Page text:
4:02 pm - Tuesday November 21, 2017

Family Fights to Stay Together

Stephanie Carroll Carson

DENVER – Tania Valenzuela is a community activist in Denver, helping other immigrants and minorities fight for their rights in the workforce and in their neighborhoods.

Now, she finds herself fighting for her mother, Imelda Gonzalez, who is facing deportation after living in the United States as a licensed hair stylist for the last 14 years.

“I need her close to continue doing my work in the community and she has put me through college,” Valenzuela says. “She has been my support system. You know, I can’t imagine not having her.”

Gonzalez applied through a third party to obtain an updated work visa. Immigration officials are investigating that person, while Gonzalez and others face possible deportation.

On Thursday, Gonzalez’s hearing was postponed until December to allow her to prepare her case.

Celia Reyes-Martinez with Mi Familia Vota Education Fund says Gonzalez’s case is one example of why lawmakers in Washington need to pass solid immigration reform.

Current reform proposals exclude any immigrants already in the process of deportation. Reyes-Martinez thinks that should change.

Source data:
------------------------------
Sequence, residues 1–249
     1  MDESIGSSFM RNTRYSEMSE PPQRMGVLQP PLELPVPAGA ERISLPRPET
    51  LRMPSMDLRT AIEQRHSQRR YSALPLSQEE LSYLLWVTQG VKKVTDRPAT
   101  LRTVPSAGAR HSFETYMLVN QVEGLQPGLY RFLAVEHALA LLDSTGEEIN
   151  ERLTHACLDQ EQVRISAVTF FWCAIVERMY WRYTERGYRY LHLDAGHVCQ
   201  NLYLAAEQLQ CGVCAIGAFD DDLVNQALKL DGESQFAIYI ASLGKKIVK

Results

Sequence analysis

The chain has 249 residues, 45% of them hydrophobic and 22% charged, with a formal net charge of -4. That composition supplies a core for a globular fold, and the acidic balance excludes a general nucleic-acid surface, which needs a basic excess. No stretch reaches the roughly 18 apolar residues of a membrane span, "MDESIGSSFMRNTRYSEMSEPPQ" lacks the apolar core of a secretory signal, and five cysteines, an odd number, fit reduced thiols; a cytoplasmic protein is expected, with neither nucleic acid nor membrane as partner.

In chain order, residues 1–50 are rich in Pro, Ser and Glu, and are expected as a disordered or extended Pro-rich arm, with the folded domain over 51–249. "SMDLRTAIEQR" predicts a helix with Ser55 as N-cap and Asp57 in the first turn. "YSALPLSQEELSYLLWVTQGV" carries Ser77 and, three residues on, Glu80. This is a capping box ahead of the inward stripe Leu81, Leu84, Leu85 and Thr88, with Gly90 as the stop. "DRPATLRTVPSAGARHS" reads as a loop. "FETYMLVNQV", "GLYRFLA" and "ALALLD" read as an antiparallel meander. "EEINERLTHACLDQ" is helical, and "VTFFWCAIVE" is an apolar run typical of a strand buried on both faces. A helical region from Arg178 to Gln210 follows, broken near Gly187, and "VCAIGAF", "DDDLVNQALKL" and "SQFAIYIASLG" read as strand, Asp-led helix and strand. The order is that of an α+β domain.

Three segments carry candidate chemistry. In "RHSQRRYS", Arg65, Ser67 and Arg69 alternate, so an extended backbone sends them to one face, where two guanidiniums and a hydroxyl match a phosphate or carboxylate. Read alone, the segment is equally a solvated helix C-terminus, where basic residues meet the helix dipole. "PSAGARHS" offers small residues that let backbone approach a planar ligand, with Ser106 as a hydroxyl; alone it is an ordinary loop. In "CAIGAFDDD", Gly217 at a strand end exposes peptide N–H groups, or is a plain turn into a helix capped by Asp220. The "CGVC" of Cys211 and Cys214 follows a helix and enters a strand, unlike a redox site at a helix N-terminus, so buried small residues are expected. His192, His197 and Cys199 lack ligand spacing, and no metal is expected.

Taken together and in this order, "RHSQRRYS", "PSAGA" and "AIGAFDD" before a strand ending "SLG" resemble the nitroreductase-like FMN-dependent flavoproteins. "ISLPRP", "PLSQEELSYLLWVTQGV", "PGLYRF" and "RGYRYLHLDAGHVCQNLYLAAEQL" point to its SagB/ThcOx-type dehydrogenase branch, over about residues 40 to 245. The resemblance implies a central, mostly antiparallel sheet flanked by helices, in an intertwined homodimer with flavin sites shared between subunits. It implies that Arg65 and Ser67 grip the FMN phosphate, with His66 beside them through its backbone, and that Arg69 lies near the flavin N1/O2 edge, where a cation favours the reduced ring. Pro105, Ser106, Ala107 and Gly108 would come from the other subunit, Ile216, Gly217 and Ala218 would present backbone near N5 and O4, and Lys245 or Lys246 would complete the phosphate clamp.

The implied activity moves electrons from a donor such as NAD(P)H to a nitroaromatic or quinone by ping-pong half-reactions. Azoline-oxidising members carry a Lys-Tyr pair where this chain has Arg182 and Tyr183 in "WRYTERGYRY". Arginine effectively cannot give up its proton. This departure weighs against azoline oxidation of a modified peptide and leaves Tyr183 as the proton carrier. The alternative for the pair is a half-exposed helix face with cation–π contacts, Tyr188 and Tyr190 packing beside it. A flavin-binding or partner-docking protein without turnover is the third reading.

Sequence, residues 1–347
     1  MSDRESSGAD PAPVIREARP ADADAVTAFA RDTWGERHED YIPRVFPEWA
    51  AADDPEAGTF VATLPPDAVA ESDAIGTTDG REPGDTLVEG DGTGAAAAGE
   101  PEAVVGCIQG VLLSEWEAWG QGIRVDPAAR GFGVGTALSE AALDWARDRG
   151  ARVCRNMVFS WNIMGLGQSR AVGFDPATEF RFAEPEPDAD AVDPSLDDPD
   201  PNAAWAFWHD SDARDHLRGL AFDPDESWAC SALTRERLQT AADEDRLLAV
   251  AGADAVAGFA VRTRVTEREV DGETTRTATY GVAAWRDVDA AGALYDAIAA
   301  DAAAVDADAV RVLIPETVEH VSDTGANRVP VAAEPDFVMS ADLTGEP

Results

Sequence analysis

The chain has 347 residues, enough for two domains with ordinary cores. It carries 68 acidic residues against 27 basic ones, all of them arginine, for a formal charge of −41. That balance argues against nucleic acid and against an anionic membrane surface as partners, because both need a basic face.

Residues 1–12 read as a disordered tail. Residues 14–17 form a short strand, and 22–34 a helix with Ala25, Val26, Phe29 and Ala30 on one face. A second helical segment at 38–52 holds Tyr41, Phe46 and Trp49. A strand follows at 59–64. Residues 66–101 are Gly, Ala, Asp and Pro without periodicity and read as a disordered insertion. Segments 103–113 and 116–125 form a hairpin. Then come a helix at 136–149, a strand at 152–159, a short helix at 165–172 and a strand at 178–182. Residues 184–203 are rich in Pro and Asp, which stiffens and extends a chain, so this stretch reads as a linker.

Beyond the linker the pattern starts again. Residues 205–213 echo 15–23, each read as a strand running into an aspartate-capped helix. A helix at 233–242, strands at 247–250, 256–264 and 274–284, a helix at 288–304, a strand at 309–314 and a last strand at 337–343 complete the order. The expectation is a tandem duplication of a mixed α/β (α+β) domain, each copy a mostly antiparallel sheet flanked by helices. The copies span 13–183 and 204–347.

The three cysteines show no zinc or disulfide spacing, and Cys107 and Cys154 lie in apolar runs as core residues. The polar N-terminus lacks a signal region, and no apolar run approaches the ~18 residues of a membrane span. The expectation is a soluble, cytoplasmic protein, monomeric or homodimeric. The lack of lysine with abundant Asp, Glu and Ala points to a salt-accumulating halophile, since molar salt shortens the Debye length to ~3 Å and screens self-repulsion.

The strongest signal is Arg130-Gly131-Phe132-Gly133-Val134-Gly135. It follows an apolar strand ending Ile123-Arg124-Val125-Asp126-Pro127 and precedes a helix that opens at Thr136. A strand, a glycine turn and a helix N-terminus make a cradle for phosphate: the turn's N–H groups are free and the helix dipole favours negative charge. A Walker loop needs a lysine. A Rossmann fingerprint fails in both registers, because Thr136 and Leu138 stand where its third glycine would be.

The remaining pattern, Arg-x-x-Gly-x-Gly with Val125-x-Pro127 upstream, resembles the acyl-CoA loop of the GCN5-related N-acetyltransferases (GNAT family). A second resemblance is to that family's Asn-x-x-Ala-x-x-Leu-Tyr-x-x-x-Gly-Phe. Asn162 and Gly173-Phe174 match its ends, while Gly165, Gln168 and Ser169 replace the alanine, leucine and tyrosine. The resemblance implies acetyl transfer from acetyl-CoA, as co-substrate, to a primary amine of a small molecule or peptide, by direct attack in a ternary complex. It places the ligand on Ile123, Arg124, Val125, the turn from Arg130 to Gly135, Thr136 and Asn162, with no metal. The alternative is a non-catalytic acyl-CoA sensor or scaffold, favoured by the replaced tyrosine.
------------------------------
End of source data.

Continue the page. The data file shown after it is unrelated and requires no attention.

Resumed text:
“There are a lot of families who have already been torn apart,” she says. “There are a lot of people who are in limbo right now and they don’t know if they’re going to be able to stay.”

Gabriela Flores with the American Friends Service Committee says the current immigration system forces people who want or need to come to this country to make tough choices.

“Our immigration policy is completely broken and for many people there are no means for them to come through legal ways,” she says. “In this country, historically, we have had a history of excluding certain populations.”

Both houses of Congress are now working on bills that would provide an eventual path to citizenship for most of the 11 million undocumented immigrants in the U.S.

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Filed in: immigration / migración